Our ordinary lives: Pathways to a more human-oriented linguistics

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When one considers the range of data types, methods and research
questions that characterise contemporary linguistics, it is clear that the field
is diverse and ever expanding in ways that were hardly conceivable 100,
or even 50, years ago. One shift underlying many of these developments
within linguistics has been the increased attention given to the speakers
and writers of language. This shift is manifest in a variety of ways: how
speakers interact in conversation, the cognitive processes accompanying
acts of speaking and writing, the language used by speakers and writers
in the form of language corpora, the role of the human body in shaping
language (i.e. the idea of ‘embodiment’), etc. It is clear that the idea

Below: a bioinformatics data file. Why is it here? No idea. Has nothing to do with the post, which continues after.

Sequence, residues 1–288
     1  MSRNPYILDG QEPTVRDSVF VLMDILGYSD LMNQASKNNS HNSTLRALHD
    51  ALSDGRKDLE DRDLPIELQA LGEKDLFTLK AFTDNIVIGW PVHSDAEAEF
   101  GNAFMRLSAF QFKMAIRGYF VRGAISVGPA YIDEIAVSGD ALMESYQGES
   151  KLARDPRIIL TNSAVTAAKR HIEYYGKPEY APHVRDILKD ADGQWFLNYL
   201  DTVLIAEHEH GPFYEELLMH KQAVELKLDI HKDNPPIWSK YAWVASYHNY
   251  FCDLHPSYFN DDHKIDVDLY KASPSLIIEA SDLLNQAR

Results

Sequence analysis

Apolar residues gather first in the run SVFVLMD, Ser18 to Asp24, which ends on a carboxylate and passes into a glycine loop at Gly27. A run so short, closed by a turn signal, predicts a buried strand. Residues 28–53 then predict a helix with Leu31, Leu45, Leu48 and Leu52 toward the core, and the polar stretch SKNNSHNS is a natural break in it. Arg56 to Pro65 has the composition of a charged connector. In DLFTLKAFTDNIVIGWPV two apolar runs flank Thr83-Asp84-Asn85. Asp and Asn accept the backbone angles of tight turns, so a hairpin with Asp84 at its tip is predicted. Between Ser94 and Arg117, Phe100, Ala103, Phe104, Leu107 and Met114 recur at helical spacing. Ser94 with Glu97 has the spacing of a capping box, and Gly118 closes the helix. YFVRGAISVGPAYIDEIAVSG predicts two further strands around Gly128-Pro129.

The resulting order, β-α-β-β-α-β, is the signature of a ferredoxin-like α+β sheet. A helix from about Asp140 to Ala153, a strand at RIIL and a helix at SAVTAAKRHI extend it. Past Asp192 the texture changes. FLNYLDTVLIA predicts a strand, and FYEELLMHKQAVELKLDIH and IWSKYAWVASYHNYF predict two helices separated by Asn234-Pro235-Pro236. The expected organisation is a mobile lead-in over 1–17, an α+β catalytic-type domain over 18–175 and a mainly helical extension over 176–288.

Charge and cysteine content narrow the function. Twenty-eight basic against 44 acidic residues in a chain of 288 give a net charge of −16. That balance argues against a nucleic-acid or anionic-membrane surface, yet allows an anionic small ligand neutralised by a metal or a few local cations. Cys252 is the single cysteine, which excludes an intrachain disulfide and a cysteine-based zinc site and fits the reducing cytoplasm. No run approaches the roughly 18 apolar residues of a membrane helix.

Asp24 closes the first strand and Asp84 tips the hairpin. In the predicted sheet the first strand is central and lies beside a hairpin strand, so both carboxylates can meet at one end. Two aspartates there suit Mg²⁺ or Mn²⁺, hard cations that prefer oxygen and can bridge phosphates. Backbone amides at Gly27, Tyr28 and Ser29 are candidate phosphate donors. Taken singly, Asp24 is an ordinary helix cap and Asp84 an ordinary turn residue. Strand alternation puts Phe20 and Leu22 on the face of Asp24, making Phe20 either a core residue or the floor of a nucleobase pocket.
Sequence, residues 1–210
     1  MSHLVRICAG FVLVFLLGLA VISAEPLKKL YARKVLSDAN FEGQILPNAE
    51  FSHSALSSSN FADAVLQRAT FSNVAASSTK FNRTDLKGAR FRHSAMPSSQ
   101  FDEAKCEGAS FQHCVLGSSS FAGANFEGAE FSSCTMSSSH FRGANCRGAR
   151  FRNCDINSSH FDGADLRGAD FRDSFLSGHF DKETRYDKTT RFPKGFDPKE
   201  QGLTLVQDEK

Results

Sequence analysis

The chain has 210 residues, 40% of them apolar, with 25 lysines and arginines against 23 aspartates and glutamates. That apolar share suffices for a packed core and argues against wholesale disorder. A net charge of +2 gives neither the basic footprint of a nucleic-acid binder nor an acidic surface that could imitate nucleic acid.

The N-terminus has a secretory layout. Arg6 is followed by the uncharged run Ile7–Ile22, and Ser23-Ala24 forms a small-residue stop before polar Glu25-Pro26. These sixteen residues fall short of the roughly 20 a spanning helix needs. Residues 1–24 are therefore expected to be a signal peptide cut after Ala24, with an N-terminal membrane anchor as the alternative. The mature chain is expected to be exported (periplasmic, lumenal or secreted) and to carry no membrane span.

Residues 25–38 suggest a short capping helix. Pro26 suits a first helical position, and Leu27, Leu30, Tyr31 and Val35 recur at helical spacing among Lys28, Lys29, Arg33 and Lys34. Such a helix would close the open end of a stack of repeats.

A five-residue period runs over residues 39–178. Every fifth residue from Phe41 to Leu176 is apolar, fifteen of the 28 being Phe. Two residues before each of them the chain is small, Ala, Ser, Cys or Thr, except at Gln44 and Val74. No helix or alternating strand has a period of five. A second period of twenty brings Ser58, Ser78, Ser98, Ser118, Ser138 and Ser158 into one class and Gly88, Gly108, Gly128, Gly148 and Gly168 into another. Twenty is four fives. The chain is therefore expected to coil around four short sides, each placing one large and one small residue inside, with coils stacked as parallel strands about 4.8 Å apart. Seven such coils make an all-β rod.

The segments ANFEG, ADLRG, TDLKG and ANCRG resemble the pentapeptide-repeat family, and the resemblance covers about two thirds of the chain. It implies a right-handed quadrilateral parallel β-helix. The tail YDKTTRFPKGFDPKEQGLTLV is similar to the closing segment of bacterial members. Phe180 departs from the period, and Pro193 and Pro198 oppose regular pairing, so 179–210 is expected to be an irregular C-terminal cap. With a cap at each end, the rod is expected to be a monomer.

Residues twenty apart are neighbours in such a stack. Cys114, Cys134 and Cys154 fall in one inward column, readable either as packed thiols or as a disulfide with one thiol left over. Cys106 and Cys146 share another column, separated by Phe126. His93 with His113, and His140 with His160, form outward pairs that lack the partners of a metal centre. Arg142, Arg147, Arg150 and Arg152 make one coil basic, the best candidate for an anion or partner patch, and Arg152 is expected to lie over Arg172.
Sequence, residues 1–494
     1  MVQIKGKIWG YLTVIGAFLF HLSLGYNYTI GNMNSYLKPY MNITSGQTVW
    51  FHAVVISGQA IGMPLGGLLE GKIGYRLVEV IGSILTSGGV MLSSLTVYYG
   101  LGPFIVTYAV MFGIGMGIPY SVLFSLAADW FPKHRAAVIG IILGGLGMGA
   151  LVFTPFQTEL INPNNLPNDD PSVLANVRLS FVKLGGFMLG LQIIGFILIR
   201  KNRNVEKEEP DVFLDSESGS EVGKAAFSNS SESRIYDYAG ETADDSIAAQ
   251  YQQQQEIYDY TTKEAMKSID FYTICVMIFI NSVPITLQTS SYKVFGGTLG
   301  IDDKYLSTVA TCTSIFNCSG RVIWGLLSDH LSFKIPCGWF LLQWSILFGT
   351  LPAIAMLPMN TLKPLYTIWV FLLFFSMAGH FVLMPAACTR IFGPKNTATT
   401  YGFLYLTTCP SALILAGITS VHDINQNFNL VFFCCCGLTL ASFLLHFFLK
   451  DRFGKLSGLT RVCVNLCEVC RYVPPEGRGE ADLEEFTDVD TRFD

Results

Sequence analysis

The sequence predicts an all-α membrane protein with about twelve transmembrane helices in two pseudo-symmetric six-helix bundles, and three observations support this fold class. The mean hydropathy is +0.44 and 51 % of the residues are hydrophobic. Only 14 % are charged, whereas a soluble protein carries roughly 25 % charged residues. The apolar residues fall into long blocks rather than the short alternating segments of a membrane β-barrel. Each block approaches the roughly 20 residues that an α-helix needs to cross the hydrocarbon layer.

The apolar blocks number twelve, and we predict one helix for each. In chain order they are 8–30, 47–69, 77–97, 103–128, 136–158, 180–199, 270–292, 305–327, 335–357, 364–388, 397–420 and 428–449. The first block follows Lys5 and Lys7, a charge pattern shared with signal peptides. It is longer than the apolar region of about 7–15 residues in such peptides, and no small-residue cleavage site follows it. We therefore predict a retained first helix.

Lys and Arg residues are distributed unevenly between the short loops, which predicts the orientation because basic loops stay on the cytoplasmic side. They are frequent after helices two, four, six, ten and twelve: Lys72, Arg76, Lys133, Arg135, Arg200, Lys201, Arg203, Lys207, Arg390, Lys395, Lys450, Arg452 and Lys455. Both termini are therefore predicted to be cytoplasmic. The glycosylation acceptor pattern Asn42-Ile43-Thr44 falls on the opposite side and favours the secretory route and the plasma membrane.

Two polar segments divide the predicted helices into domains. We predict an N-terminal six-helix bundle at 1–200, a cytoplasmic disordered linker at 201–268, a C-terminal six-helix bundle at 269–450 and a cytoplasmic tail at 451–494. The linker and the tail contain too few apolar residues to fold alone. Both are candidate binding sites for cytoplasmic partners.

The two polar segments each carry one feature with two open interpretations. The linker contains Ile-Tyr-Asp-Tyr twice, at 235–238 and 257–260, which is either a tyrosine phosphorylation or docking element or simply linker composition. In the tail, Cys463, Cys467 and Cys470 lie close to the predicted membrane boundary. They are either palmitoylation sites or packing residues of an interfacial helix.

that linguistics is primarily concerned with a system untethered to the
speakers and writers of the language no longer holds sway in the way it
once did.
Original languageEnglish
Title of host publicationMeaning, Life and Culture
Subtitle of host publicationIn Conversation with Anna Wierzbicka
EditorsHelen Bromhead, Zhengdao Ye
Place of PublicationActon ACT Australia
PublisherThe Australian National University
Number of pages14
ISBN (Electronic)9781760463939
ISBN (Print)9781760463922
Publication statusPublished - 2020

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